How Long Should Apple Support New Devices on Legacy Hardware and Operating Systems?
The Guardian's Rupert Jones was singing the blues in a column last month, complaining that his that his four-year-old MacBook running nearly four-year-old Mac OS X 10.4 Tiger isn't supported by Apple's latest version of iTunes (version 10), contending "it's a problem that has sparked fury among Apple users across the world."
Jones further observed that adding insult to what he perceives as injury is that if he had a 10-year-old Windows PC running Windows XP Service Pack 2 - launched almost a full year before Mac OS X Tiger and a version of Windows that Microsoft no longer supports - he would be able to run iTunes 10 to support his iPhone 4 and his daughter's new iPod shuffle.
The latter point seems to be a plausibly valid complaint - or is it?
Worldwide, most PC users are running Windows XP.
The key to explaining this apparent slight to Apple's own hardware customers is that most PC users are still running Windows XP (still the world's most popular OS by a wide margin, serving 52.4% of computer users overall according to HitsLink May 2011 stats*), so it makes perfect sense for Apple to maintain legacy support for the preponderance of Windows folks who are still living in the OS dark ages.
However, on the Mac side, HitsLink tracks only a minuscule 0.34% overall OS market share for OS X 10.4 in May - a far cry from Rupert Jones' alleged legions of disenfranchised and outraged Tiger users ready to storm the ramparts - which satisfactorily explains why Apple doesn't offer support for Tiger anymore, expending valuable engineering effort offering legacy support at the expense of applying it to security and performance enhancements of software that people are still using.
Jones' argument also goes off the rails with his grievance about being instructed to buy and install at minimum OS X 10.5 Leopard in order to support iTunes 10 and his family's new gadgets, an OS X version he's found hard to get hold of, since Apple's UK retail stores no longer stock it, and expensive (£120 new on Amazon). Now, it's a perfectly legitimate complaint about OS X 10.5 disk availability, and it would seem to me logical for Apple to stock a few copies of Leopard in both its brick and mortar and online stores, since its the last OS X version that supports PowerPC-based Macs.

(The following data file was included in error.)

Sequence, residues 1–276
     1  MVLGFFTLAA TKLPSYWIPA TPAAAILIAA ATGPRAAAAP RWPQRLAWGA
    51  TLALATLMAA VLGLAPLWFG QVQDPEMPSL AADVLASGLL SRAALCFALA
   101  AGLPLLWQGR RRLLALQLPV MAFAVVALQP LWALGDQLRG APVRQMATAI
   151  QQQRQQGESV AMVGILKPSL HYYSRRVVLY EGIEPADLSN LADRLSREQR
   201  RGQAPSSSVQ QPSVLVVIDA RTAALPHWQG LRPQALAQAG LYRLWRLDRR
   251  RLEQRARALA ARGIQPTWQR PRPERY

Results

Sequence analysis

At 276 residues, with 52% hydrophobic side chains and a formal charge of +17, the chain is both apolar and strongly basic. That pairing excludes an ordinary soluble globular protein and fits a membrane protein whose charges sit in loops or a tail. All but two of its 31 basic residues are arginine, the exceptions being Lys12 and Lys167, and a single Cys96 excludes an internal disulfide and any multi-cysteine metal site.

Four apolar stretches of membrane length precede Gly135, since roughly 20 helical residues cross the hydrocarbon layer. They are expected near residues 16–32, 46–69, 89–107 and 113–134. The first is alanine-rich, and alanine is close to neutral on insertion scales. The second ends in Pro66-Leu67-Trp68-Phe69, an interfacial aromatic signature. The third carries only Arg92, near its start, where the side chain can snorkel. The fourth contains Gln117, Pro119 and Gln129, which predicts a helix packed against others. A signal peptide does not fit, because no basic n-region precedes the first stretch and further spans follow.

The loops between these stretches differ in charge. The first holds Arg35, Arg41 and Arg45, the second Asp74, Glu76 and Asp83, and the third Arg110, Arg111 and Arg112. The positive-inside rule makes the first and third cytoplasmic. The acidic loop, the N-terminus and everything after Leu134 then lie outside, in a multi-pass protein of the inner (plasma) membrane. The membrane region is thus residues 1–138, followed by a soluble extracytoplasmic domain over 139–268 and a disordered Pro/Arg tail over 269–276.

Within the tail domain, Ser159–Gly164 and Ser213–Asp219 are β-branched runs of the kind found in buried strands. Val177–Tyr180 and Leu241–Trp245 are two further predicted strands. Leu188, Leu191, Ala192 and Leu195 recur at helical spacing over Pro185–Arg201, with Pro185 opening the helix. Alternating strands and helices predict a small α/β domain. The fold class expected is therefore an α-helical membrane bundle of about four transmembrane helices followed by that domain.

Nevertheless, a four-year-old MacBook is by my lights a low-end Mac, and the low-ender philosophy anticipates that a certain amount of workarounds and challenges go with the territory (for example, see Simon Royal's current column on Using an iPhone with a PowerBook G3 or Titanium G4).
If one wants or needs to maintain full compatibility with the latest developments, the obvious choice is to buy new hardware and/or operating systems if your old computer is incompatible, as has always been the case.
* At Low End Mac, things are a bit different. The majority of our visitors (52.4%) use Macs, 37.3% use Windows, 5.6% use iOS devices, and 3.0% use some version of Linux. Among Windows users, 44.1% use Windows 7, 42.2% use XP, and 12.6% use Vista. Among Mac users, 9.2% are still using OS X 10.4 Tiger, 17.8% use 10.5 Leopard, and 69.5% use 10.6 Snow Leopard. That means that just 4.8% of visitors to a low-end Mac-oriented website are in the same boat as Rupert Jones. dk
Charles Moore has been a freelance journalist since 1987 and began writing for Mac websites in May 1998. His The Road Warrior column was a regular feature on MacOpinion, and he is a news editor and columnist at Applelinks.com. If you find his articles helpful, please consider making a donation to his tip jar.
Recent articles by Charles W. Moore
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